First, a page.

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The good news:
- Proposition 59, overwhelmingly approved by California voters in 2004, amended the California Constitution to include:
“The people have the right of access to information concerning the conduct of the people’s business, and, therefore, the meetings of public bodies and the writings of public officials and agencies shall be open to public scrutiny.”
- Proposition 59 strengthened the already existing California Public Records Act (CPRA) (legislation similar to the Federal Freedom of Information Act (FOIA)) passed by the Legislature and signed by the Governor in 1968. Note that it does not cover legislative or judicial agencies.
In other news:
- Sometimes, as Katy Grimes details in her CalWatchdog report of a Senate hearing on the Parks and Recreation scandal, even an experienced politician with oversight responsibility can be left at wits end by an obfuscating staffer.
- WDW-CA contributor Wendy Lack posted an excellent summary last week on recent threats to access to local records in particular, brought on by the budget crisis.
Requesting information can be as simple as asking an official orally for the records. There are many diligent public servants who will gladly email a public document to you, direct you to a link to the information online, or let you know the details for receiving a hard copy. The agency is entitled to charge a fee for copying the records or a “statutory fee.”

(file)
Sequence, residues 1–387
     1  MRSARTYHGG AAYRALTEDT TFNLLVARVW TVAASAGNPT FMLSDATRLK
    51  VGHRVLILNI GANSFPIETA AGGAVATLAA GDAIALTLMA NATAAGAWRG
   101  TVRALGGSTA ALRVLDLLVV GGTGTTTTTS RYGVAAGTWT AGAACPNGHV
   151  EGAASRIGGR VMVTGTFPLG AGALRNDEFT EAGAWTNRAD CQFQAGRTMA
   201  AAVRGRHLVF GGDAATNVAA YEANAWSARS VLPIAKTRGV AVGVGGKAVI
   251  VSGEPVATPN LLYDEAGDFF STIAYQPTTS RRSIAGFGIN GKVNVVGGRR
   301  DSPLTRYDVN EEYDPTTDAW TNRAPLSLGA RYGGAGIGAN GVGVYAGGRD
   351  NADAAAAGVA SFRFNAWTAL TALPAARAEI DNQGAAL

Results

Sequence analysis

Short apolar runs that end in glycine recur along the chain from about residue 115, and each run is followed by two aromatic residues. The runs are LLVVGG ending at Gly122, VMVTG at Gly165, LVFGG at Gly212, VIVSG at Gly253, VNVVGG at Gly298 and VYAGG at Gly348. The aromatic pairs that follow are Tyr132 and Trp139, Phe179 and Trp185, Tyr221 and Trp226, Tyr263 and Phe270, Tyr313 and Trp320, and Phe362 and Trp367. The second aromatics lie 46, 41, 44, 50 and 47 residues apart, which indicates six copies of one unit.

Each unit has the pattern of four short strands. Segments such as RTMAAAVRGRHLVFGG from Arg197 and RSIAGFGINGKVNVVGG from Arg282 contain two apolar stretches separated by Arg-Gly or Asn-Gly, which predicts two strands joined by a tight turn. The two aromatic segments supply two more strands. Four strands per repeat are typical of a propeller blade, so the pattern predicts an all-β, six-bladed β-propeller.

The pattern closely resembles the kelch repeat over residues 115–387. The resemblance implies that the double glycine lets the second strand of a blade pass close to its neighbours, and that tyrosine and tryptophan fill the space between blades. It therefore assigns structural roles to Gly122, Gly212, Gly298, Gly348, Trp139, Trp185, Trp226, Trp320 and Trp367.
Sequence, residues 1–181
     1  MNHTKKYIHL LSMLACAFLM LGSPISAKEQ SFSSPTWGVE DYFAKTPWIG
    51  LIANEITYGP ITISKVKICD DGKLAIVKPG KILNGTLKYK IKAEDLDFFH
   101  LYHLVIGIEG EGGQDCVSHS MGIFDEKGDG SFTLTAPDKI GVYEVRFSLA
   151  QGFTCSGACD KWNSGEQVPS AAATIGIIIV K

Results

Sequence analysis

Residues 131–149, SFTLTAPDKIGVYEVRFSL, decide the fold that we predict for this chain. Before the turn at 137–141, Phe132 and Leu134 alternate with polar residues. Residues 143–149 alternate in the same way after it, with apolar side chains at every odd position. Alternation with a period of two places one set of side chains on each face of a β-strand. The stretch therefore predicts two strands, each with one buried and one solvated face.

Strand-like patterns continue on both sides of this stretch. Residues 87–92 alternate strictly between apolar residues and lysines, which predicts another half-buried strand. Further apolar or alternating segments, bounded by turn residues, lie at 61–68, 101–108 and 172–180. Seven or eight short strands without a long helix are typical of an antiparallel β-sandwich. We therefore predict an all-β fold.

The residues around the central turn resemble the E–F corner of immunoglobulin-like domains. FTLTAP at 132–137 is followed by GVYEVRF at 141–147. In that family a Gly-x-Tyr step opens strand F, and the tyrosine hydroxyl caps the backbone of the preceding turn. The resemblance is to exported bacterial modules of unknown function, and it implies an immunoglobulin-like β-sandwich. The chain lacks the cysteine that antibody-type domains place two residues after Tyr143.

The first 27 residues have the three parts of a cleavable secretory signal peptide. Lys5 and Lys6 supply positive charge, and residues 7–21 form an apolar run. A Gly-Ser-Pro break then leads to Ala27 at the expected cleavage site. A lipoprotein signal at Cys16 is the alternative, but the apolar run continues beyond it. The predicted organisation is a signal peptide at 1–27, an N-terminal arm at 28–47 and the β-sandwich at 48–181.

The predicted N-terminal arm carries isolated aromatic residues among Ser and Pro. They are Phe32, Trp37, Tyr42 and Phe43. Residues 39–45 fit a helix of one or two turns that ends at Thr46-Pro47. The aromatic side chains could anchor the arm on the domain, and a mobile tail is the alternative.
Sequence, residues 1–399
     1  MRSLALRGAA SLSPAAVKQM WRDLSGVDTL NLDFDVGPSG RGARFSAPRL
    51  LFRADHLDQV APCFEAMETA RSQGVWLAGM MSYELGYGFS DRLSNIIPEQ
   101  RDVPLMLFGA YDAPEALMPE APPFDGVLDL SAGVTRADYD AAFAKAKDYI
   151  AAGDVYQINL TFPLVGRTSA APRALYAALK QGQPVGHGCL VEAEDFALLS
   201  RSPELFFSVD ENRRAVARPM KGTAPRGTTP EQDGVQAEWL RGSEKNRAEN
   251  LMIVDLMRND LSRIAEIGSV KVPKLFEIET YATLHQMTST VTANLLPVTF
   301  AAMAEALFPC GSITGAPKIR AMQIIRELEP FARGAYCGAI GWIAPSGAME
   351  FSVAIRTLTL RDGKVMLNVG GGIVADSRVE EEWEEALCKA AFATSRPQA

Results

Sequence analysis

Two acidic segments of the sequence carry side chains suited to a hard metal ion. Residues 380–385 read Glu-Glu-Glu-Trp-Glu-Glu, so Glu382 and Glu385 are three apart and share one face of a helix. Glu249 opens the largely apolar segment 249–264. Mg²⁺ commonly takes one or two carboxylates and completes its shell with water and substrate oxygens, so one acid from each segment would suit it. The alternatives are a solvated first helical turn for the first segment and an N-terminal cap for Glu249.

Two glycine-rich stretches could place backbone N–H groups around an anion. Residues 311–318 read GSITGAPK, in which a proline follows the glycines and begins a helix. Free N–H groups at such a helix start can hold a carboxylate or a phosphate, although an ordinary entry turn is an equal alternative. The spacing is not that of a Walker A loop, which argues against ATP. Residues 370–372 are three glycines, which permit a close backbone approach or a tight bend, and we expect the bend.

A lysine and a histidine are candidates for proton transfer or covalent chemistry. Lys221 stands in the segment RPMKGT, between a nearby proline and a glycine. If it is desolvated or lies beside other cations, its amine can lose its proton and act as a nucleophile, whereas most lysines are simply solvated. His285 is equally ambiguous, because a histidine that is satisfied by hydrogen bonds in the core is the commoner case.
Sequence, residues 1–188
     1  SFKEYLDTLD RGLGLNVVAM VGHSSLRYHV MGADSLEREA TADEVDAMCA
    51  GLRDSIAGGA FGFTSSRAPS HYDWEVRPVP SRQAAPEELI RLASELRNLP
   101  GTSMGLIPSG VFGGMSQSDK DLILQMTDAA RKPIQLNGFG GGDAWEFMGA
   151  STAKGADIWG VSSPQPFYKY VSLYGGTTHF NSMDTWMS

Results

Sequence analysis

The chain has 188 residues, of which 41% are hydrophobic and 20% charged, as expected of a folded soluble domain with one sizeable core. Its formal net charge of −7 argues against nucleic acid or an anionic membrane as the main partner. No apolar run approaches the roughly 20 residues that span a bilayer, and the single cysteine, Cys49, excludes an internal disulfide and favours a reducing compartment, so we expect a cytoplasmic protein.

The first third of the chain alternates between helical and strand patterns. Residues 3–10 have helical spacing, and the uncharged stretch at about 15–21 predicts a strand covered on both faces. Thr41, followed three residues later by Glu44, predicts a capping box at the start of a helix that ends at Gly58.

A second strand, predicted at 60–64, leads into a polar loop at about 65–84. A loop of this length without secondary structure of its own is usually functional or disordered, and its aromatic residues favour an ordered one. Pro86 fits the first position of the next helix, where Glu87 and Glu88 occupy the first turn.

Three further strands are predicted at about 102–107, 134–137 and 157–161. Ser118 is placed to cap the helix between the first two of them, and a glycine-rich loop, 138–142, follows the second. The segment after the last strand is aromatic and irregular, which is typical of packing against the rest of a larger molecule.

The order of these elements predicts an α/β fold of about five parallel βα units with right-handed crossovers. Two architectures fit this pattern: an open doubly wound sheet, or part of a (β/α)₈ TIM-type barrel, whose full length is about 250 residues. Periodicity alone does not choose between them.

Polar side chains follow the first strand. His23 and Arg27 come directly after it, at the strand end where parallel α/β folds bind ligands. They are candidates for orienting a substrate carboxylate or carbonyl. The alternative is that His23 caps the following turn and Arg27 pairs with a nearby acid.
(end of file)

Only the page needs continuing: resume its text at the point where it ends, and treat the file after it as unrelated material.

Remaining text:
One reason this is the preferred first step is that the official can help you narrow your request to the records that will provide the information you are really asking for. A common error in CPRA requests is inadvertently making a request for “voluminous” information resulting in a delay in providing the information. An official will contact you preferably orally, but possibly via email or letter, regarding a potentially enormous copying fee, more information than the requestor likely imagined, and to clarify the request.
If you have been denied, or have strong reason to expect a denial, send your request in writing. Cite any prior contacts with the agency regarding the request, including dates and names. It doesn’t necessarily need to go to the highest ranking official or supervisor if you know who on staff has actual custody of the records. CPRA requires that a request submitted in writing be responded to in writing “promptly”: within 10 days unless there are extraordinary circumstances.
If your request is denied, you are entitled to know upon which provision of CPRA the agency is basing its denial and the names and titles of the individuals responsible for it. CPRA favors access, so any denial must be based on a narrow construct of the exception.
Sometimes a public records request in California is as easy as a phone call. In extreme cases court action is required to determine what public officials have done in your name and with your resources (read: taxes). The key is to remember that government is ultimately accountable to us and that, to quote Ben Franklin, “it is in the religion of ignorance that tyranny begins.”
For more information and resources on CPRA
For tips on how to be a transparency watchdog, click here. For story ideas and information on becoming a California watchdog, contact me at California@Watchdogwire.com. If you’d like to start reporting for Watchdog Wire – California, you can sign up here!
Tags: california, citizen journalist, cpra, sunshine week
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